The UK and EU have given contrasting assessments of the chances of a Brexit trade agreement with Michael Gove suggesting it was “more likely” there would be no deal.
But time is running out to finalise an agreement by January 1 to avoid the UK defaulting to no deal World Trade Organisation terms for trade with the EU, predicted to be the most damaging outcome.
Despite a sense of optimism in recent days, Gove said the chances of a deal are now “less than 50%”.
The Cabinet Office minister also said the “most likely outcome” was that the current transition period would end on December 31 without a deal.
“I think, regrettably, the chances are more likely that we won’t secure an agreement. So at the moment less than 50%,” he told the Commons Brexit committee.
But he appeared at odds with EU chief negotiator Michel Barnier, who described “good progress” in the talks with his opposite number from the UK, Lord Frost, while acknowledging the “last stumbling blocks remain”.
Barnier briefed European Parliament leaders about the state of the talks, which he said were in the “final stretch”.
He said: “We will only sign a deal protecting EU interests and principles.”
Gove similarly spoke of protecting the principles that people voted for in the 2016 EU referendum, with talks thought to be stuck on the issues of how much the UK and Brussels match each other’s standards, and punishments for divergence, as well as fishing rights.
“The process of negotiation has managed to narrow down areas of difference,” the Tory minister said.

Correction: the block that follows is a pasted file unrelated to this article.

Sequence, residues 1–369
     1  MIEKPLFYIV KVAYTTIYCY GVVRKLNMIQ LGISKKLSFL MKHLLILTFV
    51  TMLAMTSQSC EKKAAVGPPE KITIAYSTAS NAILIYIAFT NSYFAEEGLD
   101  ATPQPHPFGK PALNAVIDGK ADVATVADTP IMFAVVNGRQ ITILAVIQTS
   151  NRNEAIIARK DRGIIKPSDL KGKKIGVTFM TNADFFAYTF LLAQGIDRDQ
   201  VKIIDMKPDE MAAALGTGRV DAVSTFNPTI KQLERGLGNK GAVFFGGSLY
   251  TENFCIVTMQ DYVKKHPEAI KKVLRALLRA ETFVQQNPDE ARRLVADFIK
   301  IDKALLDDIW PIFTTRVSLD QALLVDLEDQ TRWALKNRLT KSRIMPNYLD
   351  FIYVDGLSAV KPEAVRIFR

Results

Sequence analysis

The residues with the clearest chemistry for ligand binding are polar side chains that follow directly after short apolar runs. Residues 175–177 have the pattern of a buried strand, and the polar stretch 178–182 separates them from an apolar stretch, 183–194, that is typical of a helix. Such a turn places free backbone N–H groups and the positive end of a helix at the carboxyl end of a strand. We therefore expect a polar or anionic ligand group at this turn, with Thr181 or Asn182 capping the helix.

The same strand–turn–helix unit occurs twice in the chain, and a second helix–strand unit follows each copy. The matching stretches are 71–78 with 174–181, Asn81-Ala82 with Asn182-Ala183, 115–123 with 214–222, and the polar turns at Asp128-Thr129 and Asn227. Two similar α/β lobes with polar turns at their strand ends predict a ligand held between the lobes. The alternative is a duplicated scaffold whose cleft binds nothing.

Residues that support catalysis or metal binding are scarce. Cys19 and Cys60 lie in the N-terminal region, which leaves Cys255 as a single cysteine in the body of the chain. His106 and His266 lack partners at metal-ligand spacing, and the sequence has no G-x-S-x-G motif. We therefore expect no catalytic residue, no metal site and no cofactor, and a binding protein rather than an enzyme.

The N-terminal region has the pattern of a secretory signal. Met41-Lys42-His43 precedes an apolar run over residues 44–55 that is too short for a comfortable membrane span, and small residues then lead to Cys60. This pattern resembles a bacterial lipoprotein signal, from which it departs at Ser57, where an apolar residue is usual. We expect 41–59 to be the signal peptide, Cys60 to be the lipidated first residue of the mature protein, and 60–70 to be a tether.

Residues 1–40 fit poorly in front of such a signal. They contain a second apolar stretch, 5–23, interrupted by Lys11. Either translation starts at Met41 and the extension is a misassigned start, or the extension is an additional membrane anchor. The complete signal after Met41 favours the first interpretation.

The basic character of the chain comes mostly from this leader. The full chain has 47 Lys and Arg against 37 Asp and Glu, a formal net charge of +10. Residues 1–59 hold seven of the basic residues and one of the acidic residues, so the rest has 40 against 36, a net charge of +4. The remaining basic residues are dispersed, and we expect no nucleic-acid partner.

“It is certainly the case that there are fewer areas of difference now than there were in October or indeed July.
“The areas of difference are still significant and they do go to the very heart of the mandate which the country gave the government in 2016.”
Gove also ruled out returning to negotiations in 2021 if no deal could be reached by the end of the year.
December 31 was a “fixed point in law,” when the transition must end, he said.
“That would be it. We would have left on WTO terms.
“It is still the case of course that there would be contact between the UK and European nations and politicians as one would expect.
“But what we would not be doing is attempting to negotiate a new deal.”
The Commons breaks up on Thursday for Christmas recess but MPs have been put on notice that they may be recalled to ratify any Brexit deal.
The European Parliament has also said it will refuse to debate anything that is agreed after this Sunday.
But Downing Street said it would not be necessary to require MPs to sit on Christmas Day.
“Obviously we wouldn’t be looking for the House to sit on Christmas Day and the bank holidays around it. We would obviously try to avoid those days,” the prime minister’s official spokesperson said.